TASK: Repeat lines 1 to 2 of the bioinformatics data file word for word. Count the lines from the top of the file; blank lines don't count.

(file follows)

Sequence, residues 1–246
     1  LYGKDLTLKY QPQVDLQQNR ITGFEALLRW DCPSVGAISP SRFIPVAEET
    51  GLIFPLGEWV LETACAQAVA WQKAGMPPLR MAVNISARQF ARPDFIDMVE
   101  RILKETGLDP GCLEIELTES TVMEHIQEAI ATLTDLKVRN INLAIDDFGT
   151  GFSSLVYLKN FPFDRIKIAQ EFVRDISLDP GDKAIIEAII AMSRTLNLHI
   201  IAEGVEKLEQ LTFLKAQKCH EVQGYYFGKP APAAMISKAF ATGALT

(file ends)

Sequence, residues 1–246
     1  LYGKDLTLKY QPQVDLQQNR ITGFEALLRW DCPSVGAISP SRFIPVAEET